Weir House, Weir Studio, and Young Studio Under Restoration
The historic Weir House, Weir Studio, and Young Studio are currently undergoing restoration and are closed to the public. The Burlingham House Visitor Center and park grounds remain open and available during regular hours. More »
Branchville - August 1883
Branchville, August 2, 1883
John Ferguson Weir, tending the farm, to his brother, Julian Alden Weir, abroad on his honeymoon:
I tinker about the premises and hold the reins over the work which is needful. Your crops are doing finely. The barn is full of hay, and the potatoes and corn are in fine shape. My dear fellow, may your “corn and wine and oil increase”… We often speak of you as we sit on the pleasant porch in the evening twilight. I imagine you and Anna, seated in your two armchairs, sitting in these twilights in future summers. I advise you to hang on to this place, old boy; a “lonesome lodge” which is a pleasant place of retreat in storm and drought—is no bad thing to have—for an artist—keep it trim and untrammeled and you will find it a haven of refuge.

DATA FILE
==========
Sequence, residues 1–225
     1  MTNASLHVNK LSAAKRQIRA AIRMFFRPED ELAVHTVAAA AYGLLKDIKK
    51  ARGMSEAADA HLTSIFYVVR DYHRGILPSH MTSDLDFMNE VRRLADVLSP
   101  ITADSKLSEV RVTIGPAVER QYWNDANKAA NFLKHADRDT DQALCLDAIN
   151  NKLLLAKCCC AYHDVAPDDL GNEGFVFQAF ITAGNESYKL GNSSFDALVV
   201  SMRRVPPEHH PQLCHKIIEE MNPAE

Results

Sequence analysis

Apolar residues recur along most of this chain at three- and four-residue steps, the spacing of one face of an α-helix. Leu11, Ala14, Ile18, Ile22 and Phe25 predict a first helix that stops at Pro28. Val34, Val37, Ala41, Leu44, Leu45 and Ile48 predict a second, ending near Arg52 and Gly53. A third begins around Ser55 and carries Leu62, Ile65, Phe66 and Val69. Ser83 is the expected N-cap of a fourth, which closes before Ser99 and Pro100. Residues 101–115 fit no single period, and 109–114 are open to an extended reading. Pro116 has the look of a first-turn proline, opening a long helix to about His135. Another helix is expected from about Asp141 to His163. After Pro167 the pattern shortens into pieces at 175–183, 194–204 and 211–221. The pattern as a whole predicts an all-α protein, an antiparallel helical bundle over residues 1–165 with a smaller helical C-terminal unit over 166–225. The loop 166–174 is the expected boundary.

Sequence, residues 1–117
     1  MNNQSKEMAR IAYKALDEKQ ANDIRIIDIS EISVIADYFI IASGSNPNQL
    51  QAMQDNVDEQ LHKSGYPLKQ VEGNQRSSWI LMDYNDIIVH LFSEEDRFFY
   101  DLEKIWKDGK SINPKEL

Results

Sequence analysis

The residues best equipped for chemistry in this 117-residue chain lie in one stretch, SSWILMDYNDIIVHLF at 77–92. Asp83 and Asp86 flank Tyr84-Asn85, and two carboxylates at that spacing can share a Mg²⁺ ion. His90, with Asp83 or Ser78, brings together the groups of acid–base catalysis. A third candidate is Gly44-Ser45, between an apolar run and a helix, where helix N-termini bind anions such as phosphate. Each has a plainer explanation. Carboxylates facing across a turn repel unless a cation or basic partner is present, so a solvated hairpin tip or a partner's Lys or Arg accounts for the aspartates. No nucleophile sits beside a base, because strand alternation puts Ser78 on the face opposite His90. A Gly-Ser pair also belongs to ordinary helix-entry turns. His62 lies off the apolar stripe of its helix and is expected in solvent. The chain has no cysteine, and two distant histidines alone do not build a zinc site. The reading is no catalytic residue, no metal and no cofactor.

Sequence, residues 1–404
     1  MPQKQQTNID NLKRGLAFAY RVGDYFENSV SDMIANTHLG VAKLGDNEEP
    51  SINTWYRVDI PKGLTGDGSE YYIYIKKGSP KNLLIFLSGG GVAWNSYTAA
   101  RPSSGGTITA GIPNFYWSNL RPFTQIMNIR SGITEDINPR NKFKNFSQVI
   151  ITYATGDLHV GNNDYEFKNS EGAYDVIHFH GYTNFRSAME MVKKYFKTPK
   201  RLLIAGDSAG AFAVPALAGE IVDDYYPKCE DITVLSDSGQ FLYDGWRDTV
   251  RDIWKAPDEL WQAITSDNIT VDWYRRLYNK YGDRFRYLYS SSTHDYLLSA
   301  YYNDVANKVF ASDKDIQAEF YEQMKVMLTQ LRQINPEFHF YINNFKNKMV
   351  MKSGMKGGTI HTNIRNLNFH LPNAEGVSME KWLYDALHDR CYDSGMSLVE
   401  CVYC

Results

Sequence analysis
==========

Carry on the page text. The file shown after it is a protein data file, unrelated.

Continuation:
Did You Know?
Painter Julian Alden Weir wanted to build a rural retreat in the Keene Valley area of the Adirondacks, but decided instead that his farm in Branchville, Connecticut, now preserved as Weir Farm National Historic Site, would make a more suitable home for his family.